The current flu outbreak is one of the worst to hit the country in years, and here in Nueces County, officials have confirmed at least three flu-related deaths.
Kiii News Reporter Anayeli Ruiz went Live from Christus Spohn Memorial Hospital with more details about the epidemic, and what hospitals are doing to prepare.
County officials said that the number of reported flu-like cases here have more than doubled since last year. The flu season has begun to peak earlier than usual this year as well, but experts say that does not mean it is too late to get a flu shot.
"It's not too late. The flu season goes up through March," said Dr. William Burgin of the City-County Health Department during in a phone interview. "If you haven't gotten the flu shot, please get it if you can find it."
The Health Department has seen a tremendous amount of flu-like illnesses that have been reported, and officials have confirmed that in the last two weeks, Nueces County has had three flu-related deaths in women between the ages of 65-85 years old.
The people that are most susceptible to the flu are the elderly, young children, pregnant women and those who have chronic illnesses.
Normally, flu season activity peaks in January and February in Nueces County. This year, however, the flu season has begun to peak a little earlier, and local residents have prepared by getting flu shots and following other health precautions.
"When they start those flu shots, I am the first one in line," resident Betty Walker said.
Corpus Christi Medical Center officials said that, in comparison to last year, the number of patients seen for influenza in the emergency rooms has increased by approximately 13-percent. They have set up infection prevention stations that contain sanitizing foam, facial tissues and masks.
Spohn Hospital officials said that their emergency rooms have also been extremely busy. Just in a week's time, they have seen a significant increase in people coming to the emergency room with flu-like symptoms.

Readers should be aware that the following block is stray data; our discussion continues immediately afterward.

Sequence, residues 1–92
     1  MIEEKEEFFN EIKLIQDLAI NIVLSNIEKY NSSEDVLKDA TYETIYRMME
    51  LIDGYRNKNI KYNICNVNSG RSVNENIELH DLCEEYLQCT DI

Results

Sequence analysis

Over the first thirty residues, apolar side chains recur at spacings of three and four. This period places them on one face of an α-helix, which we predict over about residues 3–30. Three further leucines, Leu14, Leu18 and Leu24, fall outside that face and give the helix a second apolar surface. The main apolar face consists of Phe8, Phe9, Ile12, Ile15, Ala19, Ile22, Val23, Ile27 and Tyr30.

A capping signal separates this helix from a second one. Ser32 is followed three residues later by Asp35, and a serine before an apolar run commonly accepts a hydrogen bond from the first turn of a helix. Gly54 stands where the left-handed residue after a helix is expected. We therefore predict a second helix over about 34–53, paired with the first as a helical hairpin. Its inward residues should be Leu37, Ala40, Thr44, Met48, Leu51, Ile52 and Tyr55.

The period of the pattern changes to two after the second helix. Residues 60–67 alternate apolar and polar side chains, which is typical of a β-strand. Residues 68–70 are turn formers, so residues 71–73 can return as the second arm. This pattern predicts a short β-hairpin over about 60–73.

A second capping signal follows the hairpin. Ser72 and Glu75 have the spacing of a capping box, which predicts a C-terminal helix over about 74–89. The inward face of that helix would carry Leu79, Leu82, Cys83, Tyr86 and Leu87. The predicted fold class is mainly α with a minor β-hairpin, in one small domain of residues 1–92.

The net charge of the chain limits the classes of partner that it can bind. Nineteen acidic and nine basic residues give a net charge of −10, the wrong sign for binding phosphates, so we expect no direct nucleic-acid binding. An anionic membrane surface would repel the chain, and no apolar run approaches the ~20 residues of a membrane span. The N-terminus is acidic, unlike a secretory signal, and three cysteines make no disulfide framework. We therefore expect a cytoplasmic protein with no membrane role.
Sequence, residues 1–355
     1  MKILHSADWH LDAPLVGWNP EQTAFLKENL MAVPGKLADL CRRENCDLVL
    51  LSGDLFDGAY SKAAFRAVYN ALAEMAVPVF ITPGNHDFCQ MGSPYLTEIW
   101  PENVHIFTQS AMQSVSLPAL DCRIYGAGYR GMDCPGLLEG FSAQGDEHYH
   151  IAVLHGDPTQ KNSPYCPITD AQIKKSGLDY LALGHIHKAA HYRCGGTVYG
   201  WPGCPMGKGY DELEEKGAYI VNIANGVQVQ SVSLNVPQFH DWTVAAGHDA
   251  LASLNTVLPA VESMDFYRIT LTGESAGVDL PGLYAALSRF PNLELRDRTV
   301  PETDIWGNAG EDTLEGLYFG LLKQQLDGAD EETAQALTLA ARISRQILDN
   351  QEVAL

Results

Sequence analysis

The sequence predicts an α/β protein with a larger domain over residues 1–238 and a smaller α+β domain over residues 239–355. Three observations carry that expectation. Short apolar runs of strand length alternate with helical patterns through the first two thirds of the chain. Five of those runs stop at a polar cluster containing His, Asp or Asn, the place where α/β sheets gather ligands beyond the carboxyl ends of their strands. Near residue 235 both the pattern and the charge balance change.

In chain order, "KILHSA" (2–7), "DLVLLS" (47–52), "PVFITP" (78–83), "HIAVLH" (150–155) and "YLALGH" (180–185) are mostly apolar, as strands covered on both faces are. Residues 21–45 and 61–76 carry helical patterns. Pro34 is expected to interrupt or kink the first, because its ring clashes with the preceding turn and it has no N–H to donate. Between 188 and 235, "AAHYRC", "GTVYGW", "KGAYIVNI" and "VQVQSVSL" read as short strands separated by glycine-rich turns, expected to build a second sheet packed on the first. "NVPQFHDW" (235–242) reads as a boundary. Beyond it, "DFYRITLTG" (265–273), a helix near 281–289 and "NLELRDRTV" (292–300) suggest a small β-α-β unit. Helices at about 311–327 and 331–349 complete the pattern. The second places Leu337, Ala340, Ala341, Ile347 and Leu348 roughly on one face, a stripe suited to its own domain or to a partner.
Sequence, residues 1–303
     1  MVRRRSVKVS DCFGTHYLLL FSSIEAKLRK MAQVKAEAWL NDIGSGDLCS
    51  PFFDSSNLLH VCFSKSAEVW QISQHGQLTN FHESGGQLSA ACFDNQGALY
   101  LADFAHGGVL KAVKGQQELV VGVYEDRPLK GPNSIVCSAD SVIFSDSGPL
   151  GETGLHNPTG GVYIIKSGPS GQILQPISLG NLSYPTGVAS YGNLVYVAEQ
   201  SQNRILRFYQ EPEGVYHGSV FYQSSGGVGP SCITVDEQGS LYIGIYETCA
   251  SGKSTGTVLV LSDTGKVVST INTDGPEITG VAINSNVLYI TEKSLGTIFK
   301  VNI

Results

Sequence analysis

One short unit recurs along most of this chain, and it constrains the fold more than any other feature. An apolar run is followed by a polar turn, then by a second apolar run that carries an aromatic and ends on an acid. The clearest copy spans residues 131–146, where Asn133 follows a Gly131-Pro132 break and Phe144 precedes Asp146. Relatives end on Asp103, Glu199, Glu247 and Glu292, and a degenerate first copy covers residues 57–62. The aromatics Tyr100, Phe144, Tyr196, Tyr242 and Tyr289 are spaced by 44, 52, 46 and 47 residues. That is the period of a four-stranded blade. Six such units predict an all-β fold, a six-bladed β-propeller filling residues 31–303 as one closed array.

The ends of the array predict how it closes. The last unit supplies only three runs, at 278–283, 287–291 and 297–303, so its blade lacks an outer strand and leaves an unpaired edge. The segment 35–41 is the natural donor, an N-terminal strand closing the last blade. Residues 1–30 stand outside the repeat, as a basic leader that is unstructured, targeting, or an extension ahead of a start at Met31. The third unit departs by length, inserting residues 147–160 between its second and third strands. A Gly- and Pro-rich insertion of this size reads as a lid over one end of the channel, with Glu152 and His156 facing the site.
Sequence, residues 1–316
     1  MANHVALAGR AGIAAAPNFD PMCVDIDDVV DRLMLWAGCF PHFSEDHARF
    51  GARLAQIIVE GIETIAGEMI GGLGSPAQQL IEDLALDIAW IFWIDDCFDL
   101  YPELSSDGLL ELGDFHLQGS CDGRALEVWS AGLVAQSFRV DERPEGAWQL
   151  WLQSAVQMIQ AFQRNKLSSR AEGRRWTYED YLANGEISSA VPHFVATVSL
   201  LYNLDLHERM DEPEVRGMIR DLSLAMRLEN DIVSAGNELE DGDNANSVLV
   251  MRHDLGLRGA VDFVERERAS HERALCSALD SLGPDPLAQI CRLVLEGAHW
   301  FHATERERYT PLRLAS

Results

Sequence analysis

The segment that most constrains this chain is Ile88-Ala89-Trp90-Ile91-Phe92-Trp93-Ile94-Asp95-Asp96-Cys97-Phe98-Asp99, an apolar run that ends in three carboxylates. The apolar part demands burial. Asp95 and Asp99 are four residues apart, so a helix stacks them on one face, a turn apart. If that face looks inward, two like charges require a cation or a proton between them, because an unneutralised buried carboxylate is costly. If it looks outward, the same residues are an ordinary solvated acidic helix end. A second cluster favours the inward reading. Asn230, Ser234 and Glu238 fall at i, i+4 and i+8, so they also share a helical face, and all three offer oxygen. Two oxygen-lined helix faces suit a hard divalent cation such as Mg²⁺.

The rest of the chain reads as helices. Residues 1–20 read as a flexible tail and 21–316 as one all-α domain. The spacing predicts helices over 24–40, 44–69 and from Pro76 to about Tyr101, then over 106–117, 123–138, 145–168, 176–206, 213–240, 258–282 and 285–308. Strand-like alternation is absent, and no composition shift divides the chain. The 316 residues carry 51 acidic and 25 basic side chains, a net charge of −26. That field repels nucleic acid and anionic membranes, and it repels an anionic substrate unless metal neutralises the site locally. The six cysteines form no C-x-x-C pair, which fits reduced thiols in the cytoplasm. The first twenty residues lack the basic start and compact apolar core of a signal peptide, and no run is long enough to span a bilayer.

To prevent the flu from spreading at the hospital, they are providing masks to patients with the flu.
If you have not yet received a flu shot, you need to know that supplies are running short, according to the City-County Health Department.
The Health Department recommends that, if you have insurance or the means to pay for it, that you go to your doctor or to one of the many pharmacies offering flu shots. Uninsured individuals and Medicaid recipients between the ages of two-18 can normally turn to the Health Department for their shots, but that is not the case right now.
"Unfortunately for the children, the state vaccine is out and we're not able to get any private vaccine either," said LaLa Yeager of City-County Immunizations. "We're hoping that possibly in two weeks we might be able to order some private vaccine. As far as the state, that vaccine is only available to the children who are uninsured or have Medicaid coverage."
Yeager said there is vaccine available at the Health Department for those over the age of 65 who have Medicare or private insurance.
Keep in mind that, if you think you are coming down with the flu, you should stay home to keep from giving it to others.
To avoid catching the flu, it is best to avoid close contact with sick people. Also, cover your nose and mouth when sneezing or coughing, and wash your hands as often as you can.
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